Profiles of Success
Profiles of Success: The Resnicks, and the Fortune that Bought Their LACMA Pavillion
Doing good while doing well
The next time you drink some POM Wonderful juice or some Fiji water, order flowers through Teleflora, or snack on a handful of pistachios, you might be making Stewart and Lynda Resnick a little richer than they already are. And when you visit the new Lynda and Stewart Resnick Pavilion at the Los Angeles County Museum of Art (LACMA), you’ll be enjoying the benefit of their significant philanthropy to the arts.
They are not universally admired, however, and have inspired some controversy, despite Lynda’s expertise in her chosen field of advertising, marketing, and public relations.
The First Million
The two met when Lynda (born Lynda Rae Harris) was trying to land the advertising account at Stewart’s firm, American Protection Industries, the burglar alarm company where he made “his first million dollars,” according to the website AlterNet.org. In Lynda’s 2009 business book, Rubies in the Orchard, she says that his fortune also sprang from founding a janitorial services company that he later sold to ITT Corporation. Lynda was an entrepreneur as well, and had started her own ad agency after working in the in-house advertising agency at Sunset House catalog. They married in 1972.
Together they now own a privately-held holding company, Roll International, a $2 billion corporation with over 4,000 employees worldwide. They have acquired diverse companies under this umbrella. In 1972, they purchased Teleflora, where Lynda became Executive Vice President of Marketing, and later president and Chairman. They owned the Franklin Mint from 1984 to 2006, a mail-order collectibles firm. POM Wonderful was developed because there were pomegranate trees already growing in a pistachio orchard purchased in 1990, an orchard that became the basis of another very lucrative business, Paramount Farms.
Knowing there was folklore related to health benefits of the pomegranate and that they were supposed to be a rich source of antioxidants, Lynda sponsored millions of dollars worth of medical research and has promoted these benefits heavily in the marketing of the juice and an extract called POMx.
The Resnicks planted 6,000 acres of pomegranate orchards in the San Joaquin Valley, which by 2005 were producing more than half of the pomegranates grown in the U.S. Some experts dispute whether the studies sponsored by the Resnicks have been on a scale large enough to be watertight. The Federal Trade Commission has recently filed a complaint against their health claims, which the company is contesting.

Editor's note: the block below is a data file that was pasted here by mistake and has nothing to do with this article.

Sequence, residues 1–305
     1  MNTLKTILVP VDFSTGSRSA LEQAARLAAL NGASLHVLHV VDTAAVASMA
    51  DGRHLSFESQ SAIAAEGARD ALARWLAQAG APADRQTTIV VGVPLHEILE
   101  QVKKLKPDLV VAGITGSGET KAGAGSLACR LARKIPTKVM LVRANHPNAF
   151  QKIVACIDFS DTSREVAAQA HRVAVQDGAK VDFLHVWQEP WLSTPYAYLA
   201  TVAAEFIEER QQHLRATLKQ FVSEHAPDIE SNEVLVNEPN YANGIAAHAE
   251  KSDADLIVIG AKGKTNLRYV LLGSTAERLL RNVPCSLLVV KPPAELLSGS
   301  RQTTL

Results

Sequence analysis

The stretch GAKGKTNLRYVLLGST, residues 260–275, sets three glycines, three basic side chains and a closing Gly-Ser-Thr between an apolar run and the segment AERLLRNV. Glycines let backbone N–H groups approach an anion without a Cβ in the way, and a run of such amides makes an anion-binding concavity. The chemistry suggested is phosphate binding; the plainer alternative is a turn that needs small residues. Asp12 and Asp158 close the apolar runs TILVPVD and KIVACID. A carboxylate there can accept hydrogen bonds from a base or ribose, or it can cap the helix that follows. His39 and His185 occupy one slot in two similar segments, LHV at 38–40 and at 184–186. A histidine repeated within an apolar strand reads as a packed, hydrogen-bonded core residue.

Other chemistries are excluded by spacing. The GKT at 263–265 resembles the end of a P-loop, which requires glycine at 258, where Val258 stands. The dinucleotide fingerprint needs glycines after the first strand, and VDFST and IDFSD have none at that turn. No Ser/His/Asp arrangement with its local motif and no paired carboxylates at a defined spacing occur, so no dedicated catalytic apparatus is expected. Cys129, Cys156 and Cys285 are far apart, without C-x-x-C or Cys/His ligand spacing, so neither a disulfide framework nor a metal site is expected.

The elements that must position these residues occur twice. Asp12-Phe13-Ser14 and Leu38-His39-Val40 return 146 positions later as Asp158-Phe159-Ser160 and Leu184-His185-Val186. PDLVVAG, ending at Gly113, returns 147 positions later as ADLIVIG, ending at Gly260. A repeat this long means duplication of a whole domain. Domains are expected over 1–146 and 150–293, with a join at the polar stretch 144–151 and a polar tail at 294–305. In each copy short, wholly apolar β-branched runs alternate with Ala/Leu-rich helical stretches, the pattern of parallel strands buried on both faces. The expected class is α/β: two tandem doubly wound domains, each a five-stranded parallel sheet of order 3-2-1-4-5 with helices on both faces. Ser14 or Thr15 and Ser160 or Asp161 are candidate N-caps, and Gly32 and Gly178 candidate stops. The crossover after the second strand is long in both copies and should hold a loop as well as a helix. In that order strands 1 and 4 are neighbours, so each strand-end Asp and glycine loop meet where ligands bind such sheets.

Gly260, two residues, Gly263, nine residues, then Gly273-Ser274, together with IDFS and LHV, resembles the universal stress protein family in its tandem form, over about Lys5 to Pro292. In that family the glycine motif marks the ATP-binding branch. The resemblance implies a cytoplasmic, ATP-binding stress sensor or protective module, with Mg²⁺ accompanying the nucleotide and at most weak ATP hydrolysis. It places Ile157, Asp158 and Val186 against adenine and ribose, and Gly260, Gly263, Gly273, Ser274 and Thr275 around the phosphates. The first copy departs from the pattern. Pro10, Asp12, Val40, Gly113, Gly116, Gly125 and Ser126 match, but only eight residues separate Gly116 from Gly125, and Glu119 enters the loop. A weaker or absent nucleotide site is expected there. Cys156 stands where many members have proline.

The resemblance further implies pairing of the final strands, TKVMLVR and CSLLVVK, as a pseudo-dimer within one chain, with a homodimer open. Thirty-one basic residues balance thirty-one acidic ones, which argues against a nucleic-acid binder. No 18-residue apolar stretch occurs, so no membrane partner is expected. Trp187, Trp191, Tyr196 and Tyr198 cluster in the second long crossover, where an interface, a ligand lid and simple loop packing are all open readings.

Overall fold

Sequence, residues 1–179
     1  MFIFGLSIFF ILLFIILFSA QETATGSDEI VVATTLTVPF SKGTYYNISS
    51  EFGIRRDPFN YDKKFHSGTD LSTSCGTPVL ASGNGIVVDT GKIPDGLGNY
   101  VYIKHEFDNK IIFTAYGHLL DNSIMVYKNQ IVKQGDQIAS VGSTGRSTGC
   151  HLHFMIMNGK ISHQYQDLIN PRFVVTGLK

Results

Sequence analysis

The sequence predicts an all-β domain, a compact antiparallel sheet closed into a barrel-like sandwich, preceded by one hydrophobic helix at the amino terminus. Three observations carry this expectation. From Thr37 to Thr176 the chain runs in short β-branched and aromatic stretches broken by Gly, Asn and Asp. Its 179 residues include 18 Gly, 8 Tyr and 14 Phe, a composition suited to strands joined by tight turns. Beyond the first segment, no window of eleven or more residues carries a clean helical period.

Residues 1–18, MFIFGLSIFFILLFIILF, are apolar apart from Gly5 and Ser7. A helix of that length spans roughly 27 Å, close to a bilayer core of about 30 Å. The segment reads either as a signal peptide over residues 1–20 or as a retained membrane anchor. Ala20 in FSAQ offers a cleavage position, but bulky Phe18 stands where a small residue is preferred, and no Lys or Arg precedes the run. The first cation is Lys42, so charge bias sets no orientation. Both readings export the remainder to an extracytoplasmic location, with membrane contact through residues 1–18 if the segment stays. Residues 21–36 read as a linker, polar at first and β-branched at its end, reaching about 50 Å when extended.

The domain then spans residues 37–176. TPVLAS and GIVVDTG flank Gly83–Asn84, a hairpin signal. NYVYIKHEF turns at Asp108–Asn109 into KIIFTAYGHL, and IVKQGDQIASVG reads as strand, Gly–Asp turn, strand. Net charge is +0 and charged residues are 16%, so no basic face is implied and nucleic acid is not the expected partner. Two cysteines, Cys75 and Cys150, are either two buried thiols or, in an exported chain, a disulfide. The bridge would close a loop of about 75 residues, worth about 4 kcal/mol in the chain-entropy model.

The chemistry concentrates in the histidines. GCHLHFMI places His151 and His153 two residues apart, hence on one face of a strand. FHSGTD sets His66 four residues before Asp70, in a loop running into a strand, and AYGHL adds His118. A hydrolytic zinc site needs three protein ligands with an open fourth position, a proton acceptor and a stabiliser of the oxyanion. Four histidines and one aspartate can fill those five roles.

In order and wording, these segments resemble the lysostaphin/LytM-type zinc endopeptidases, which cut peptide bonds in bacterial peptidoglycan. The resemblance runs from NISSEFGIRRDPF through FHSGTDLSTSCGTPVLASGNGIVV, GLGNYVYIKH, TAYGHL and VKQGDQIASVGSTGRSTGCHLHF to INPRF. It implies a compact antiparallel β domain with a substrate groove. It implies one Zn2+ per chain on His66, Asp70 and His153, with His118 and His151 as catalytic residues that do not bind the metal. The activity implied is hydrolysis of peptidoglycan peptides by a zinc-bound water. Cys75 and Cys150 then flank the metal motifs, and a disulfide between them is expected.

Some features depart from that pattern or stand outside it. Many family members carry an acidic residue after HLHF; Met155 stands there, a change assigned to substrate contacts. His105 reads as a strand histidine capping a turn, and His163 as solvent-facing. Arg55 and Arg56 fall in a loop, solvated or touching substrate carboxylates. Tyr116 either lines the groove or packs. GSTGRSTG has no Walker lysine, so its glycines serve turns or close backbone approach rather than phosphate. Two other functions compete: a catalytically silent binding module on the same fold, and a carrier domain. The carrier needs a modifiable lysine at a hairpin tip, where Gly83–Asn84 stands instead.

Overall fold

Paramount Farms owns and cultivates 118,000 acres in Kern County and the southern part of the San Joaquin Valley; pistachios, almonds and pomegranates are grown under this label. Paramount Citrus produces Cuties tangerines, as well as oranges, lemons, and other citrus products. As a very wealthy corporate farmer, AlterNet.org reported that Stewart Resnick was able to request and get, through Senator Dianne Feinstein, a re-examination of an environmental protection plan for the Sacramento-San Joaquin River Delta. The plan would protect endangered fisheries by directing water flow away from farmland irrigation. Resnick was not the only farmer to object to this plan, of course. Thirteen different lawsuits have been filed against the environment protection plan; however, one of the suing entities is a nonprofit organization that happened to be set up by Paramount Farm executives.
Controversy over Fiji
The Resnicks founded Fiji Water in 1995. The company has been accused of pumping large volumes of water from the island’s aquifers “while many Fijians, including Fiji Water’s own workers, have inadequate supplies of quality freshwater for their own use” [Ecocentric.org blog, Dec. 20, 2010]. Various sources have reported that “Fiji Water is economically powerful on the island nation” and enjoys nearly tax-free status there. They have had, however, a sometimes contentious relationship with the military junta that rules the country. A government threat to impose an “extraction tax” on the water company in December 2010 resulted in a brief company shut-down until a compromise on the tax was worked out.
The Art of Being Resnick
Despite the controversies regarding their business practices, the Resnicks have given very generously to Southern California art and health institutions, in both time and money. In 2008 they donated $45 million to LACMA for the construction of the new 45,000-square-foot exhibition pavilion that bears their name. They have also loaned part of their own collection to be shown in the hall, and pledged $10 million for additional acquisitions of artwork.
Lynda is Vice Chair of the Board of Trustees of LACMA, and a trustee of the Philadelphia Museum of Art as well (Philly is her hometown). Stewart, who has a business degree and a law degree from UCLA, serves on the Board of the Getty Trust. They have donated millions to Children’s Hospital Central California and are on the Board of the UCLA Medical Sciences; ULCA’s Neuropsychiatric Hospital is named for them. They’ve given $10 million to Caltech for a “sustainability center” that will also bear the Resnick label.
Suzanne Ridgway gave up life in the cubicle six years ago to embark on a freelance adventure. She loves learning and writing about entrepreneurs of all stripes and has fun redistributing the wealth as a grant writing consultant for nonprofits. She can be reached at firstname.lastname@example.org.